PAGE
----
Easily proxy your Internet traffic over encrypted SSH tunnels, or even using more exotic packet routing techniques like IP-over-DNS, -ICMP, and -HTTPS.
This software has been successfully used to route past the Great Firewall of China, as well as censorware used by corporations and government agencies in the United States.
- Edit the script with a text editor to set the “user” and “host” variables.
- Set auto-proxy config settings as appropriate, or set manually…
- Manual proxy settings: “SOCKS” on “localhost” port 9911 — make sure HTTP proxy, FTP proxy, etc. are left blank (in Firefox)
- The Windows script will automatically set your Internet Explorer proxy settings, but IE must be closed before running the BAT.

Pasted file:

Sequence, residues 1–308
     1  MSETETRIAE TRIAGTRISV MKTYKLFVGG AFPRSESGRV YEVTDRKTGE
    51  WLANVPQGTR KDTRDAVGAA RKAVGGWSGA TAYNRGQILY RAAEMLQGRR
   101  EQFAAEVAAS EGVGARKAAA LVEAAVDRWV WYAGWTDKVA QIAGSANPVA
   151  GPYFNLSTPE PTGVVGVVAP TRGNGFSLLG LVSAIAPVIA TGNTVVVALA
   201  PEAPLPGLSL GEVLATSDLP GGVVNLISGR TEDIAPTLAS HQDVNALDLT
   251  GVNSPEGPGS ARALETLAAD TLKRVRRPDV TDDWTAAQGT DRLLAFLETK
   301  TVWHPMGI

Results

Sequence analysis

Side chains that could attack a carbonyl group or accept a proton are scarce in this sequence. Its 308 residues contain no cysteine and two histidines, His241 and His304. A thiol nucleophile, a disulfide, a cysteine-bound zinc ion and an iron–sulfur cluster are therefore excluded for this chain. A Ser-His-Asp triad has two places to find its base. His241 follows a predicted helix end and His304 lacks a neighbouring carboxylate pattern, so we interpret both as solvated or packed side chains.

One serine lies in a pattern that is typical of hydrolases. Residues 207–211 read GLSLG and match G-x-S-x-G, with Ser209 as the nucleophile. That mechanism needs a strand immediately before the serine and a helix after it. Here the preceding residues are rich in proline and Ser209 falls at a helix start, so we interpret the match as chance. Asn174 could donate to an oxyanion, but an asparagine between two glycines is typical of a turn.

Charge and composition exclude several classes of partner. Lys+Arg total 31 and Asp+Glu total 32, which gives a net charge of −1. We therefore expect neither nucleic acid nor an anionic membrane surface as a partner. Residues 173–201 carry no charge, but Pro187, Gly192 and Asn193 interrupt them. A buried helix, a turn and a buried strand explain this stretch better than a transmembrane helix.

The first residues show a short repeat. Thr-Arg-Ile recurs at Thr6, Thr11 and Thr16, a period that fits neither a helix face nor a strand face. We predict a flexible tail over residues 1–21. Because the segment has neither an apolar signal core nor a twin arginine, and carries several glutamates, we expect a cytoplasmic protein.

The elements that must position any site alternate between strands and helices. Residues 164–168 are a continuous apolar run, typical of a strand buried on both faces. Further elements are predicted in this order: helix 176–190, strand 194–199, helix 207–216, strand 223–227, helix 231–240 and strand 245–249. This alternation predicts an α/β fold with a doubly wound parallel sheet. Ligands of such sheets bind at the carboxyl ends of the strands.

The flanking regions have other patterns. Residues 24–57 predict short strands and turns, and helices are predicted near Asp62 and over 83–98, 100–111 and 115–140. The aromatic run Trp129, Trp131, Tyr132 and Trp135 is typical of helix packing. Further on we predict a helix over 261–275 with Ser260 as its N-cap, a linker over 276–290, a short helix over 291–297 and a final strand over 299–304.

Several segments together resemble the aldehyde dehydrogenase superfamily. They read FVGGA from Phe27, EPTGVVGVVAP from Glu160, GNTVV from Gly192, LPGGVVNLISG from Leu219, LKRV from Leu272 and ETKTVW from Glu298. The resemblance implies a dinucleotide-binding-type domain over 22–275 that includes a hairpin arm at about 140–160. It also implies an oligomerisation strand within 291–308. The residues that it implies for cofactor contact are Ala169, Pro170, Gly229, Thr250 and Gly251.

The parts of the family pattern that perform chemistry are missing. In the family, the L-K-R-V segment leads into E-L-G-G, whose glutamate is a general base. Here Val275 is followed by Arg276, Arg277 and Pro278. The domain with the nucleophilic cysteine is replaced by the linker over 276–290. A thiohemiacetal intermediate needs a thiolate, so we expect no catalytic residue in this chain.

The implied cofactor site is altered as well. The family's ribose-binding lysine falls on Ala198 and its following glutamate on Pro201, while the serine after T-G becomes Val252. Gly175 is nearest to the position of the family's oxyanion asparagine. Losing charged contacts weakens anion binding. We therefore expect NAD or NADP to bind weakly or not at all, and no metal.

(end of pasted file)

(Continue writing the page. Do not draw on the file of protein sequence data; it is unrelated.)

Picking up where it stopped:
- Close IE and exit jtunnel.bat for your previous settings to be restored.
The basic magic of jtunnel is just dynamic ssh port forwarding, (SOCKS). One can also use local forwarding and an HTTP proxy (detailed below)
ssh -v -C -N -f -D 9911 $USER@$HOST
explanation of the ssh flags:
- -v: verbose (keep tabs on what’s going on)
- -C: compression
- -N: no shell (this is just a tunnel)
- -f: fork the process (run in background)
- -D 9911: do dynamic port forwarding to local port 9911
Setting up a proxy server
- almost all default sshd configurations allow traffic forwarding, including major web hosting services like Dreamhost, Lunarpages, and Joyent
- configure sshd:
- edit sshd.conf, usually in /etc/ssh
- add the following line if it is not already there, making sure it is not commented out:
- squid, apache+mod_proxy, or even wwwoffle (a proxy optimized for offline caching) allow for robust HTTP/HTTPS proxying. I’ve seen no noticable performance increase over sshd, however.
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